The Buyer’s Journey

Interview with Iliyana Stavreva.
By Iva Grigorova

Why do you think communication has changed in recent years?
Technology and digital have overhauled entire industries in the last couple of decades and communication is certainly one of them. Whereas before you used to rely on an intermediary – most often the media – to relay your message to your potential buyers or any other stakeholders, now you can do this directly by using your own website or social media profiles and reach your target audiences on your own. This creates a world of over-communication and over-information and makes it extremely difficult to truly get in front of your desired audience. In addition, with the rise of fake news, it’s become more difficult to trust sources and information.

Why have consumers shifted the way they consume content?
Consumers nowadays expect to get content when and where they need it. They don’t wait for the media or for a sales person to educate them on products, services or companies. In fact, most consumers hate that because it’s interruptive and it may not come at a time when they actually want to hear about these products, services or companies. As consumers, when we have a problem or a need, we go to Google to start researching it. We read blog posts, reviews, online recommendations from friends or other people who’ve had the same problem/need – we evaluate on our own whether we need it and most of the time we make a decision without any professional help. We call this the buyer’s journey which is the process someone goes through to decide which product, service or company to pick.

Why is content more important today?
As a company, if you are not creating content, you’ll miss your chance of being found in that decision-making journey. If you are not active on your own online channels, consumers will consider that as ignorant. They expect to be able to engage with you. This year, content has gone to a whole new level where it must be instantaneous – through bots and chats – in addition to all other content types such as blog posts, ebooks, guides etc.

Do you believe content enables people to travel/join a voyage of stories?
Certainly, especially given the fact that all people go through a decision-making journey regardless whether that’s to choose something to buy or simply something to consume. If I need a reliable source on a topic that’s new to me, I’ll do the exact same research online through google, reading blog posts and recommendations or asking my peers.

Do you think digital content/media will be preferred instead of traditional media and print content?
I think in many countries around the world that’s already a fact. Decline in print has been increasing more and more which is why most of the big traditional media outlets have invested a lot in their digital versions and are trying to figure out how to monetize given that most of the print media would rely on advertising. At the end of the day, it’s all about the choice that consumers make.

Do you think automation of content and marketing has happened naturally? What is the main benefit of inbound marketing?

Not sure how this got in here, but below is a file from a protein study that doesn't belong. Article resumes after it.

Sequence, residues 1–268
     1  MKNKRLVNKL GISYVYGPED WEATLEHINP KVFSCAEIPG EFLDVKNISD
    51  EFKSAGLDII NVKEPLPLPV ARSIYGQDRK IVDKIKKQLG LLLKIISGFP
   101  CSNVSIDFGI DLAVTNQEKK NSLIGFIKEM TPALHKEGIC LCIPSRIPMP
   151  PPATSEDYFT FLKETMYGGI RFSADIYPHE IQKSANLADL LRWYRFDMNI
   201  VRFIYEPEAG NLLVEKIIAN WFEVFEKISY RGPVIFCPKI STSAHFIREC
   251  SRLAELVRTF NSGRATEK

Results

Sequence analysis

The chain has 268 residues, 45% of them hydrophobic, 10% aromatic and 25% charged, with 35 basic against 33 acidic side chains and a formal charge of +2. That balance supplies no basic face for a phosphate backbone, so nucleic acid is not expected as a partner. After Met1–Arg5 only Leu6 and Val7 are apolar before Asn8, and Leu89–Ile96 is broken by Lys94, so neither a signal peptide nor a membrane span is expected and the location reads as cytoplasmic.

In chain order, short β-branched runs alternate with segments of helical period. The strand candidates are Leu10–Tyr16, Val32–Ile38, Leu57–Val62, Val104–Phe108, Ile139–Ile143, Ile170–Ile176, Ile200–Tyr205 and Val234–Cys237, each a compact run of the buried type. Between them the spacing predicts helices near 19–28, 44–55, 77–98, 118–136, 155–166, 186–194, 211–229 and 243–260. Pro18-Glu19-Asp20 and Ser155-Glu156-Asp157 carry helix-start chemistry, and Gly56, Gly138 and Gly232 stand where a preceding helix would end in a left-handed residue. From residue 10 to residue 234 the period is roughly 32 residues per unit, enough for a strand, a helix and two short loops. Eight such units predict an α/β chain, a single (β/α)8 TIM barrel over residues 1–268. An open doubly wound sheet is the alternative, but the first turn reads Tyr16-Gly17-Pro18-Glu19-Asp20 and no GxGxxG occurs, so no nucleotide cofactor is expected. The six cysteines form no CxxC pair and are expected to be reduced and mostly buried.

Automation of content in marketing arose from the need to become more responsive to consumer needs and really be part of their decision-making journey. Automation makes everything a lot more efficient from a marketer’s standpoint but from a consumer’s point of view it really is about serving them content when they need it and most of the time, consumers need the content now.
The biggest benefit of inbound marketing is the ability to truly define your target audience – or buyer persona as we call it – and their decision-making journey, then create content that specifically solves their needs and use automation to supply the content at the right time when it’s needed.

How did you come up with the idea of Inbound PR?
Inbound PR was born out of the realisation that PR people are really good at content – something that as we’ve discussed we can’t ignore – but they are really bad at measurement – and brands are becoming more demanding and wanting to know what they are getting out of their investment. I spent three years working in PR before joining HubSpot four years ago where I had to master inbound marketing. I simply saw a link between the two industries because both PR and inbound can’t function without content, however, what inbound marketing does really well is to start with the numbers and think with outcomes in mind. I combined the strengths of these industries and that’s how the Inbound PR methodology was born.

Why and how is Inbound PR valuable and important for modern communicators?
Inbound PR brings a fresh perspective to communicators who seek to be up-to-date with how their audience wants to receive information. In addition, Inbound PR makes measurement possible. It teaches modern communicators terms from marketing and helps them think about ROI from the start of planning any campaigns. Inbound PR creates a new set of skills that I believe any communicator in the 21st century must develop if they want to be successful in the future.

In your opinion, what will be the next big thing in the communication industry?
The next big thing in the communication industry is most definitely AI. I think we’ve only scratched the surface and there’s so much more to happen. With AI, we’ll be able to automate more of our work but because of that the need for strategic business thinking will intensify even more.

www.iliyanastareva.com

Author: Iva Grigorova,
Director PR Business MSL/ Publicis Groupe Bulgaria

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